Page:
Athens-Clarke Craniotomy

The skull is actually not a single bone. It consists of several facial bones that protect your face and cranial bones that protect your brain. And although the top of your head might feel smooth, those eight cranial bones are fused together by sutures, which are special joints made of thick connective tissue. Because the cranial bones cannot be easily separated, in order for a surgeon to access anything on the other side of these bones to begin treatment on a condition affecting the brain or related areas, a surgeon will use special tools to remove a piece of the skull, called a bone flap. This procedure, which is usually the first step when you have brain surgery, is called a craniotomy.

A craniotomy may sometimes have a more descriptive name (such as keyhole craniotomy, eyebrow craniotomy, or extended bifrontal craniotomy) based on the size and location of the bone flap.

Conditions Requiring a Craniotomy

There are several reasons you may undergo a craniotomy, including:

  • Brain tumors (diagnosing, removing, or treating)
  • Traumatic brain injury or skull fracture
  • Bleeding (hemorrhage or hematoma) or blood clots
  • Aneurysms (clipping or repairing)
  • Epilepsy or seizures
  • Nerve or facial pain
  • Swelling that causes pressure on the brain
  • Arteriovenous malformation (AVM), an abnormal mass of blood vessels
  • Disorders affecting movement, such as Parkinson’s disease

Preparing for Your Craniotomy

Your surgeon will help you understand how to prepare ahead of time for your surgery, which will include the craniotomy and the procedure to be performed after the bone flap is removed. You will be instructed on:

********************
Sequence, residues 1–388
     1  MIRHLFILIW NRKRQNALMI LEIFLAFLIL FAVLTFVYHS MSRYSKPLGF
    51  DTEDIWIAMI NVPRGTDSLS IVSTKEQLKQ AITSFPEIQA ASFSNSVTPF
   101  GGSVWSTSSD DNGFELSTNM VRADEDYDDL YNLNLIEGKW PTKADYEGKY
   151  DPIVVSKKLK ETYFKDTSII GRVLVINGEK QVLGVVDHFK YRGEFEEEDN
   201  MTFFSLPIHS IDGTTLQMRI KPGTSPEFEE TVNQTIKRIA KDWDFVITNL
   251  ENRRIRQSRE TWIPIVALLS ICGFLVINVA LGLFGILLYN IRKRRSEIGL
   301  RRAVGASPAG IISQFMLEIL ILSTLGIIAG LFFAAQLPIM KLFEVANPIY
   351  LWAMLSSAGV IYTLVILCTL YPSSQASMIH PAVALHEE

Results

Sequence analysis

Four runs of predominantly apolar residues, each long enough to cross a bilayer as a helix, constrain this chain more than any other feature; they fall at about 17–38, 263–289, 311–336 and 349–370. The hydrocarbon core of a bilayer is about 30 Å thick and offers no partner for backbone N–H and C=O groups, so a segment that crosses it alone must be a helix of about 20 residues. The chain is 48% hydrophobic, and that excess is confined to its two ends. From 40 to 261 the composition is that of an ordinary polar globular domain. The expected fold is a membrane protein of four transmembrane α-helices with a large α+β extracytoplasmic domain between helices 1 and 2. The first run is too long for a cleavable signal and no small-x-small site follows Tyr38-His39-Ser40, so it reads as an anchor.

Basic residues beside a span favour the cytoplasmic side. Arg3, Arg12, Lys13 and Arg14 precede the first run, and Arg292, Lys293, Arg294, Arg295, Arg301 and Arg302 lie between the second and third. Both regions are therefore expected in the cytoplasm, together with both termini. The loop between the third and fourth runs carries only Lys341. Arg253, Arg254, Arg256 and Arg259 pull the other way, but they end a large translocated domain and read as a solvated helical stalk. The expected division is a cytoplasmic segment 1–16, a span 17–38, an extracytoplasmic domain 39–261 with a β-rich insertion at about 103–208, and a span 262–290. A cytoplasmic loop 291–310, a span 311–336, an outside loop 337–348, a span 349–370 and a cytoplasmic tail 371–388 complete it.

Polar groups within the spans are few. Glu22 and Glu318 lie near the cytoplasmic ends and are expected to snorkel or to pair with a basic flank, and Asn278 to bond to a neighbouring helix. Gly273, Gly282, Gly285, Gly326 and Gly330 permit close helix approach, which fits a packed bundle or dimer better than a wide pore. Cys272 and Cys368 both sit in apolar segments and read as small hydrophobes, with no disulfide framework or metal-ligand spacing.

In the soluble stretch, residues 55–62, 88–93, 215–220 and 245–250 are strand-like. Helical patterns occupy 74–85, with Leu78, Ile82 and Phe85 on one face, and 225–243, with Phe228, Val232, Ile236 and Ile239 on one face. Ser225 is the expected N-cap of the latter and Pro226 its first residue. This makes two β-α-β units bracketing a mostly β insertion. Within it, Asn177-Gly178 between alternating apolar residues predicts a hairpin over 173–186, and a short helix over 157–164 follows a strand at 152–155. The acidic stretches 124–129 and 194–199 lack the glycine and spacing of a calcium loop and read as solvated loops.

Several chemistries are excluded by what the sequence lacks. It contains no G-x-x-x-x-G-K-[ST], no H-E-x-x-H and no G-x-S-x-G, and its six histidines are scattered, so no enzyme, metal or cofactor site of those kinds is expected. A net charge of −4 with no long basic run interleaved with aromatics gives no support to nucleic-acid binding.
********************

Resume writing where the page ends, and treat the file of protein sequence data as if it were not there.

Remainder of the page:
• The potential risks of the surgery
  • Any tests you need to take beforehand
  • Diet and cleaning the night before and day of your surgery
  • Which of your current medications you need to stop taking

At the time of your surgery, you will be prepped as you would be for any surgical procedure, such as wearing a gown, and you will have an intravenous (IV) line inserted in your arm or hand to supply liquids or medicine, as well as a urinary catheter inserted to drain your urine.

The Craniotomy Procedure

A strip of hair along the incision will be shaved and you will receive general anesthesia so you won’t be awake during the procedure. Once you’re in the operating room, your head will be secured by a device to prevent it from moving. Before the skull can be opened, incisions will be made to the skin and muscles in the area so they can be pulled back, exposing the skull.

Small holes called burr holes will likely be drilled to form an outline—almost like a “connect the dots” drawing—for the bone flap. The surgeon then uses a drill to cut between the dots and remove the flap. In some cases, your procedure can be performed through the burr holes with an endoscope, a thin tube with a light and camera.

After removing the bone flap, the surgeon will open a thick outer covering under the flap, called the dura, and fold it back and secure it so the brain can be accessed in order to perform the rest of the surgery.